A typical password consists of a root plus an appendage. The root isn’t necessarily a dictionary word, but it’s usually something pronounceable. An appendage is either a suffix (90% of the time) or a prefix (10% of the time). One cracking program I saw started with a dictionary of about 1,000 common passwords, things like “letmein,” “temp,” “123456,” and so on. Then it tested them each with about 100 common suffix appendages: “1,” “4u,” “69,” “abc,” “!,” and so on. It recovered about a quarter of all passwords with just these 100,000 combinations.
This is a great article from Bruce Schneier on how to choose a secure password. All of our websites are under constant attack from all round the world with “hackers” trying to guess the password on your WordPress site using automated programs freely available on the net. While Lemonberry take great care to monitor, deter and block these attacks, the single most important thing to protect your site is to have a strong password…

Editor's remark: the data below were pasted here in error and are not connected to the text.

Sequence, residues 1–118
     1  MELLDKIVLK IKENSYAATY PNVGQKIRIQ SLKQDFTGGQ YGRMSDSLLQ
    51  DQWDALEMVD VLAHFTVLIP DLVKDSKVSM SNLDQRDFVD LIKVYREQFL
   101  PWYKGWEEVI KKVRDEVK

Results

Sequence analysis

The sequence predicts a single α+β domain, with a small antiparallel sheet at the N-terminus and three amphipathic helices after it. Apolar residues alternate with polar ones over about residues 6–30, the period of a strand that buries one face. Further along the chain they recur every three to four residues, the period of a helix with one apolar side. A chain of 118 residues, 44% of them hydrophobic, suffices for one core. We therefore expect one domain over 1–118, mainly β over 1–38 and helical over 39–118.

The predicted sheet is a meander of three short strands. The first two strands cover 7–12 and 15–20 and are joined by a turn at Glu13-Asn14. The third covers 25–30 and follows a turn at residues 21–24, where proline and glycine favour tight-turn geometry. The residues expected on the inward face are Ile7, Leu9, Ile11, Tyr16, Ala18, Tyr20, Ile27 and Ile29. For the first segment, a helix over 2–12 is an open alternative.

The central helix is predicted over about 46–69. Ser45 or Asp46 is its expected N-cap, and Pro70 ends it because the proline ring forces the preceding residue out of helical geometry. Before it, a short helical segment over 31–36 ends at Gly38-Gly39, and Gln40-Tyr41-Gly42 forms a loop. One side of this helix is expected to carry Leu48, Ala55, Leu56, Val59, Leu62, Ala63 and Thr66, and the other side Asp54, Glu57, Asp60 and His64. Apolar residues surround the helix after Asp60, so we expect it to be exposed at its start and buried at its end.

I’m updating this post to include a great article from Bill Hess from Pixel Privacy who goes into great detail about our password habits and why we should be using unique passwords every time. Read down to the part about compromised emails:
Put your email address into the Have I Been Pwned? website and see if your account has been compromised in any of the numerous data breaches reported over the last few years.
I tried each of my numerous email addresses one by one and found I was more surprised when an email address proved NOT to have been affected by a breach, rather than having been affected by one.